My long-term career goal is to become an independent investigator with the ability to apply molecular epidemiology methods, in the context of translational research, to gain better understanding of the factors and mechanisms related to lymphoma risk and prognosis. Recent literature reports a potential impact of vitamin D on improved prognosis in colorectal cancer, multiple myeloma, breast cancer, and most recently diffuse large B cell lymphoma (DLBCL) and chronic lymphocytic leukemia (CLL), two of the most prevalent non-Hodgkin lymphoma (NHL) subtypes. Building on my prior work on vitamin D and lymphoma etiology and these promising findings, I plan to further evaluate the role of vitamin D in lymphoma prognosis, with a focus on the two most common NHL subtypes, DLBCL and follicular lymphoma (FL). We propose to: 1) determine whether sun exposure, dietary vitamin D intake, and vitamin D related germline variations are associated with DLBCL prognosis;2) evaluate whether pre-treatment circulating vitamin D (serum 25(OH)D) is associated with FL prognosis;and 3) correlate levels of serum 25(OH)D with levels of cell cycle regulation and apoptosis protein markers within paired DLBCL and FL tumor samples. I have designed a career development training curriculum and tailored my research plan to obtain: 1) specialized didactic training in molecular epidemiology methods;2) practical experience in innovative translational research hypothesis generation, project design, relevant statistical analysis, and communication of results;3) development of leadership and management skills necessary to run a successful and effective research team;and 4) enhanced understanding of clinical and therapeutic aspects of lymphoma. To accomplish the proposed research aims, I have established a collaboration between the University of Rochester (UR) Lymphoma SPORE and the University of Iowa/Mayo Clinic (UI/MC) Lymphoma SPORE, and have secured access to a large cohort of DLBCL patients in the UI/MC Lymphoma SPORE's ongoing Molecular Epidemiology Resource. Furthermore, I have established a collaboration with the Southwest Oncology Group to access a cohort of uniformly treated FL patients for Aim 2, and we will be able to address Aim 3 within the UR Lymphoma SPORE Tissue Repository. Implementation of this plan and progress towards my goals will be monitored regularly throughout the duration of the proposed project period by a team of four experienced investigators (Jonathan Friedberg, primary mentor, clinical expertise;James Cerhan, co-mentor, molecular and genetic epidemiology expertise;Steve Bernstein, co-mentor, lymphoma biology expertise;and Derick Peterson, co-mentor, biostatistics expertise), selected specifically for their unique expertise relevant to my career development objectives and research plan. The research proposed addresses an important question, in a priority area, and promises to be a relevant contribution to the literature upon completion.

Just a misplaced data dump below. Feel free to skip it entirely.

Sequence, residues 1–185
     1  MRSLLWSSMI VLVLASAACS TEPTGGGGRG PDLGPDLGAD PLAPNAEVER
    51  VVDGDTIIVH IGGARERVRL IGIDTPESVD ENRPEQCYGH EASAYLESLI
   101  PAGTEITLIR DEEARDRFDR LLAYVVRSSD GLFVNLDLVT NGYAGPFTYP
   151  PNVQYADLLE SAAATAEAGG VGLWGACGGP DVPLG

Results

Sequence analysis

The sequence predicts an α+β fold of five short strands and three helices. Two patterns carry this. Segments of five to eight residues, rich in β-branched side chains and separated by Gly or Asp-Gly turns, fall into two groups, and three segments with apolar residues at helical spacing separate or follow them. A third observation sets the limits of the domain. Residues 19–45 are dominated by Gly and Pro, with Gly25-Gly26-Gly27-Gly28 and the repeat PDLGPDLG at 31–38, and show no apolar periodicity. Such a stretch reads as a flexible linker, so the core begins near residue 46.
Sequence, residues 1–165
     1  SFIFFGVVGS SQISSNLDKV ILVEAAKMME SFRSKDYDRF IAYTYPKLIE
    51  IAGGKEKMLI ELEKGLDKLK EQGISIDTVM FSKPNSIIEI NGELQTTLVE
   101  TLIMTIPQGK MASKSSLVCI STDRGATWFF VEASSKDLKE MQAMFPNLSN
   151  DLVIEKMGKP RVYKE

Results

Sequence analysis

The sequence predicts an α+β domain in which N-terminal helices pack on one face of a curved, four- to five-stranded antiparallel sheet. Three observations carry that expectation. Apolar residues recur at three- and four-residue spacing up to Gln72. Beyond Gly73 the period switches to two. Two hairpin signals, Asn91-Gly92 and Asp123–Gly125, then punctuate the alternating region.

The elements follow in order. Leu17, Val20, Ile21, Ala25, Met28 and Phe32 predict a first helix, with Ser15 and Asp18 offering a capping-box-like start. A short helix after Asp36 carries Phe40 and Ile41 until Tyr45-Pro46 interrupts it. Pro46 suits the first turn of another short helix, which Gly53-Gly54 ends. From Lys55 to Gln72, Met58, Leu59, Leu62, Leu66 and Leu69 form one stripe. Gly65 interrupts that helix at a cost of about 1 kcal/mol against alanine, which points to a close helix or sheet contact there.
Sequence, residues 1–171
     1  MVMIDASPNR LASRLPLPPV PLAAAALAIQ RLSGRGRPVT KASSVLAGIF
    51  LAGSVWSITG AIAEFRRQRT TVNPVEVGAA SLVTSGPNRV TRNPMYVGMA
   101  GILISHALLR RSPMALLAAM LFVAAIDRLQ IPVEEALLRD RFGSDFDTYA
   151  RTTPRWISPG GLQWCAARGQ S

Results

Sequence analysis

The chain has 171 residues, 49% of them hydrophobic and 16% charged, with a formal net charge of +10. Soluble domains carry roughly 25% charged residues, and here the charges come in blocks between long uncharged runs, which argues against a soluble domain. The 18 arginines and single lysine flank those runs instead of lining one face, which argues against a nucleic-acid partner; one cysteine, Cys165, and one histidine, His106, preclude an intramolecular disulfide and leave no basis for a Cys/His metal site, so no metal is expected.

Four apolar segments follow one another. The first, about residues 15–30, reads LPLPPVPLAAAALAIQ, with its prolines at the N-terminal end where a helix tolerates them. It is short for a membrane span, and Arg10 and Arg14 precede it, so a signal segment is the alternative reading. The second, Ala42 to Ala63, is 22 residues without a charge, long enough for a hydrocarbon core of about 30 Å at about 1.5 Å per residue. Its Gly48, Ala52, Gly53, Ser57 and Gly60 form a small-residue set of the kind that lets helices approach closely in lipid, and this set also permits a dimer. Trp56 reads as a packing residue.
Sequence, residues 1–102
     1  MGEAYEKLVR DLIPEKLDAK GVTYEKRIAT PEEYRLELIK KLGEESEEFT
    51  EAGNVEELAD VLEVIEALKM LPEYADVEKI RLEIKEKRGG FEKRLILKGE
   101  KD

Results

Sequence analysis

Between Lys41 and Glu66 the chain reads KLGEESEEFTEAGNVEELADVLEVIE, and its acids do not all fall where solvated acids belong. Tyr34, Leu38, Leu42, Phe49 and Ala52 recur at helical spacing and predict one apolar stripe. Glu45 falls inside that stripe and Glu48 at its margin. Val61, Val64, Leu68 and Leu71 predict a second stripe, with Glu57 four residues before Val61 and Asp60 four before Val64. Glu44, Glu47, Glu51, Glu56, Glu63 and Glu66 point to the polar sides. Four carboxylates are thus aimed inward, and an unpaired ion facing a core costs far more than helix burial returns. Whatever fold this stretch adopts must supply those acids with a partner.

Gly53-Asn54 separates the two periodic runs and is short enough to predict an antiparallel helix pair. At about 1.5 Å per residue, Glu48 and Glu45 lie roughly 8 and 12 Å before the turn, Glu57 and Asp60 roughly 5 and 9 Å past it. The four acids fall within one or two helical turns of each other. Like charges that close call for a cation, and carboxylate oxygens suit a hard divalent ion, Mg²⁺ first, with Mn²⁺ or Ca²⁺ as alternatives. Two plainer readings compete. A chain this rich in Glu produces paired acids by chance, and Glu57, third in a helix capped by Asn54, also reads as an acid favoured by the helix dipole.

Non-Hodgkin lymphoma (NHL) is the 6th most common cancer in the United States. There are an estimated 20,000 annual NHL deaths, though epidemiology of NHL prognosis remains poorly understood. Vitamin D is a modifiable lifestyle factor, and closer evaluation of its role in NHL prognosis is warranted.